for a child to adopt, the couple was notified that twin baby
girls who were both cross-eyed were available.
In January 1992
Steve and Laura traveled to Bulgaria to receive the 13-month-old
twins they would name Hope and Leah. Laura says, "The week we
cried in front of the TV watching 20/20 was the week
that Hope and Leah were born and placed in an orphanage. So
we feel that God placed that in our hearts through something
as simple as a TV program." The twins have had operations to
correct their eye problems, she explains.
Laura says they
went to Bulgaria to pick up the twins so they could "see the
culture the children came from." Unlike adoptions today in the
United States, little background information is given about
children who are adopted in Eastern Europe.
The Currans were
informed that their twins are of Gypsy descent, as are about
50 percent of the children who live in these orphanages. "The
Gypsy population is the most misunderstood ethnic group over
there," explains Laura. "Bulgarians and Romanians would seldom
adopt a Gypsy child."
and poor nutrition are just some of the problems found in Eastern
European orphanages. The
Currans still recall their first visit when they saw rooms filled
with silent children. Dr. Curran explains, "Nobody comes if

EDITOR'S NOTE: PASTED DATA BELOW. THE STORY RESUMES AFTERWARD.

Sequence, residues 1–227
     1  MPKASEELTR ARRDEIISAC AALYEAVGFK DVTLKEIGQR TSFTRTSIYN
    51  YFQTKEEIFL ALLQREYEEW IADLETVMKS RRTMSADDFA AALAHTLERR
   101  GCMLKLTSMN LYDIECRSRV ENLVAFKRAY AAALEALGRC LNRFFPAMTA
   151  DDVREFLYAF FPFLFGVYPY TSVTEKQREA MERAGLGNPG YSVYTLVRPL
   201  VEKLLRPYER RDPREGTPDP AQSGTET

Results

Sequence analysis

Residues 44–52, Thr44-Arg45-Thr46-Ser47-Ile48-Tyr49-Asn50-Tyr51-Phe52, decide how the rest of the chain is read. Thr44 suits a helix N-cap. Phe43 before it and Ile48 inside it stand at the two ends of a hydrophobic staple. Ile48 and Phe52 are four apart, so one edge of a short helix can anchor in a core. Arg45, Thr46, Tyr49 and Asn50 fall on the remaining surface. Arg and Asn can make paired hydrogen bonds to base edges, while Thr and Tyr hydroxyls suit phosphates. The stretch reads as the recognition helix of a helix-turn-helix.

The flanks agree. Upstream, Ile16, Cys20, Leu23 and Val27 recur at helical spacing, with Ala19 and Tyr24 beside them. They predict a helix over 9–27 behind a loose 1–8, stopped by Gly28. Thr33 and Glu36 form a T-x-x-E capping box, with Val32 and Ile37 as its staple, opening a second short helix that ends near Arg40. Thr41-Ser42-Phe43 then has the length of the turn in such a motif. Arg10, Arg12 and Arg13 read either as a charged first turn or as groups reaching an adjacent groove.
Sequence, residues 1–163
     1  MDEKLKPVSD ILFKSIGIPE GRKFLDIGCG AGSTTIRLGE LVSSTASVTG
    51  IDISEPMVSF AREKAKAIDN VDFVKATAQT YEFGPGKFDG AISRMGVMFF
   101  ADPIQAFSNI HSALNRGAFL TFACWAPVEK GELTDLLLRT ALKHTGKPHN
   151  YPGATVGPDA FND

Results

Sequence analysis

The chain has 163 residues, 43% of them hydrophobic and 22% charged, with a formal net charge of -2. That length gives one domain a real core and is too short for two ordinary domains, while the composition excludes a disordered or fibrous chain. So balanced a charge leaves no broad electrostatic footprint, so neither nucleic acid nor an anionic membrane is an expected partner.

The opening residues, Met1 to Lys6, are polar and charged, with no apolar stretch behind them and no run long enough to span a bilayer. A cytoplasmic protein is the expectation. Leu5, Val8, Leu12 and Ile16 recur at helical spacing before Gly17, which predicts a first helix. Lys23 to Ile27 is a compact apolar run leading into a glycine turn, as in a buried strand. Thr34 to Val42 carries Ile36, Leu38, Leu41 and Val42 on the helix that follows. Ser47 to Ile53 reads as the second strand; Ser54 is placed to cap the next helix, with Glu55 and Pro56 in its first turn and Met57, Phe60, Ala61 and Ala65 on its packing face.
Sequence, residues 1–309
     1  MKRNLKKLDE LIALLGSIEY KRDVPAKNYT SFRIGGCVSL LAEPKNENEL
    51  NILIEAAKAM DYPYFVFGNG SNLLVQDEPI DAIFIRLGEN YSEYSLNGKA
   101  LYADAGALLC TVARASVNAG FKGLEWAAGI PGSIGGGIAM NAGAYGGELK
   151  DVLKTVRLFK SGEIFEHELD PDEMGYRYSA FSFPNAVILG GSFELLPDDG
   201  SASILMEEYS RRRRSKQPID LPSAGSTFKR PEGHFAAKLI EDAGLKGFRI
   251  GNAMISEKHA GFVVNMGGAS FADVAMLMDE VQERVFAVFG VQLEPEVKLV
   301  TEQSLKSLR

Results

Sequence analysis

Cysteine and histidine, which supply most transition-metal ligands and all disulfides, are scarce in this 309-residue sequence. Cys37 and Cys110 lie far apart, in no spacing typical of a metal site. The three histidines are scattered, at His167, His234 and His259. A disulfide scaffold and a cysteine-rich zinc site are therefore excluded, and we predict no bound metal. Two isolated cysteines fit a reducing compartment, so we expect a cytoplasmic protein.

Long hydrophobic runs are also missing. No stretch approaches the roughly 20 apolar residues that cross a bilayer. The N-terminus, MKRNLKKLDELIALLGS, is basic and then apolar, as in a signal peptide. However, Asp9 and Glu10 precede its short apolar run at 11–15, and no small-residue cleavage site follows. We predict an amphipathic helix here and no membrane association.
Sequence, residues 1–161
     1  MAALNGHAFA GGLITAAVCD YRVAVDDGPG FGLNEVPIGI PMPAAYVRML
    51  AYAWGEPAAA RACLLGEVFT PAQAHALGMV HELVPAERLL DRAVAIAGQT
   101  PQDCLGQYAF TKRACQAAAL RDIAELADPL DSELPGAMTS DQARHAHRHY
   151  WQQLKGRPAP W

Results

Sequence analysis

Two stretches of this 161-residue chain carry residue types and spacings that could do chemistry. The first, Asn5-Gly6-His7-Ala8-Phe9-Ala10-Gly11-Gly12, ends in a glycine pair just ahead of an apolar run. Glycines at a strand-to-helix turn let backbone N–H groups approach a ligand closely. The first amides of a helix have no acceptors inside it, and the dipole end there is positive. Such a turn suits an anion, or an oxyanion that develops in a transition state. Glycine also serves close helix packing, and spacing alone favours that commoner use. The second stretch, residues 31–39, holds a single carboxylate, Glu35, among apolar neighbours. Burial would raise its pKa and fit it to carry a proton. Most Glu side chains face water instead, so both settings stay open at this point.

they cry, so they don't cry anymore."
that most of these kids come from poor families who love their
children but can't afford to raise them. These parents believe
their children will have a better life in an orphanage. Many
abandoned children also live on the streets.
had been illegal in Romania before the 1989 revolution, is now
being encouraged. But the Currans do not believe that abortion
is a solution to the problem of abandoned children.
A 1998 article
in National Geographic says, "The scandal of Romania's
streetchildren is the legacy of the revolution's single most
unforgettable revelation to the outside world....About 100,000
children live in institutions in Romania, but many of those
abandoned by their families [are] adopted by the street." The
article describes children in an orphanage whose heads are shaved